Source: Harold Schogger
Jens Auken

It is often stated that the best a bridge player can do is always play in an even tempo. That statement is wrong. How many tricks have been lost by not playing in an even tempo?

We have all tried playing in an even tempo and a trick too late realised that at the trick before we should have stopped to think. Instead we made a mistake. We are beyond the point of no return now, and there is no way to recover. We say once again, ‘Sorry partner, I lost concentration.’ But maybe it is not good enough to concentrate if you do it in an even tempo.

My belief is that on almost every bridge hand there is a point of time — a trick — when the action of a bridge player is decisive for the fate of the contract. The spotlight is on him. What he is doing the rest of the time is not decisive as long as he does not do anything foolish. I call that point the ‘kill point’. If you are clever at spotting kill points you are a strong player and you will gain yet more strength from being able to relax the rest of the time.

DURING the Philip Morris European Mixed Championship in Bordeaux the Norwegian player, Ludvigsen, played in the teams against the eventual winners, Ginette Chevalley and Paul Chemla. Ludvigsen gave me this hand when I told him about my tip.

West Dealer, Game All

The opening lead was the ace of clubs, followed by a diamond switch to dummy’s ace.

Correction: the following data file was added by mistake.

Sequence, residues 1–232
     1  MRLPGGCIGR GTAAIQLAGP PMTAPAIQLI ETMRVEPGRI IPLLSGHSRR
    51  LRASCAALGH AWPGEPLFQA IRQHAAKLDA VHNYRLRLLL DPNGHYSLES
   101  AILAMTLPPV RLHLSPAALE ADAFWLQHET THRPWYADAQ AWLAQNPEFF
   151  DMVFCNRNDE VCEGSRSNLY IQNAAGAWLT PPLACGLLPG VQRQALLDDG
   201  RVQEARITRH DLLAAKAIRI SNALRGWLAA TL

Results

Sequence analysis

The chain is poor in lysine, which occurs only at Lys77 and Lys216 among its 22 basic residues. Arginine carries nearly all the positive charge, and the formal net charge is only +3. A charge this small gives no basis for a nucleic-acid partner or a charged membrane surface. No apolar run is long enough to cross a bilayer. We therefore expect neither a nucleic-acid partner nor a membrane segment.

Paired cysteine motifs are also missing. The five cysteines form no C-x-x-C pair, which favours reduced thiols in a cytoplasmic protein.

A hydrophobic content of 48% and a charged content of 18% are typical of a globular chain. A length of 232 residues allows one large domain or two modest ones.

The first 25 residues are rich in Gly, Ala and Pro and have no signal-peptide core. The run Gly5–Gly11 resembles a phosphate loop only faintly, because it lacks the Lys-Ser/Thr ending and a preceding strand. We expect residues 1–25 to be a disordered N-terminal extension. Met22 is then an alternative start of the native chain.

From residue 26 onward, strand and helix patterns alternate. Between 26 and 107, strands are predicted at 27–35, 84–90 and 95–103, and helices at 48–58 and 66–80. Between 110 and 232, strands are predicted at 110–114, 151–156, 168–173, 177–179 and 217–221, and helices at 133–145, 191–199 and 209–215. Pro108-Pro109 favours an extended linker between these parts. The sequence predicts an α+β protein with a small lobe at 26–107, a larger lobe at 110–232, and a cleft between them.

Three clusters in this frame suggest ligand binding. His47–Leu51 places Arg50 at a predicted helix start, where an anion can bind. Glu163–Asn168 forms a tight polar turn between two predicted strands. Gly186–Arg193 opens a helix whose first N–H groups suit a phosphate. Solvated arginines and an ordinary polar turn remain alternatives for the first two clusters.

South continued with the jack of clubs from dummy and saw to his horror the ten of clubs on his right. He had not unblocked the nine of clubs on the first trick. West ducked and South had no sure way to get to his hand or to make his contract and in the end he went down.

South’s kill point was at trick one when he should have unblocked the nine of clubs, a play that could never cost. He could then lead the jack, overtaking with the queen when the ten turned up. South missed his kill point.

Kill points occur often at trick one for declarers. But usually crop up later in the play for defenders, simply because defence is more difficult than declarer play.

Defending as West against Four Spades on this hand, I cashed the two top hearts and, with a certain trump trick to come, I got off lead with the obvious diamond: an honour with partner and the contract would be one down if South had at least four diamonds.

South had listened to the bidding, however, and took the diamond queen with the king to proceed with the ace and a low trump. More or less endplayed, I switched to a low club to partner’s nine and, after a short pause, South’s king. I had missed the kill point! Three rounds of trumps, and I would be finished. South correctly cashed two rounds of trumps, the other top diamond, and then the last trump, squeezing my hand in the minor suits.

Awareness of the kill point would have made me stop to think at the moment I could see three defensive tricks and a probable fourth. South’s distribution could easily be 5-2-4-2 with the queen of spades and king of clubs, all I had to do was switch to a club at trick three and continue clubs later to break up his communications for the simple squeeze. The bidding had already told declarer about the lie of the remaining high cards.

 My BOLS bridge tip is simply this:

Develop an ability to spot kill points.

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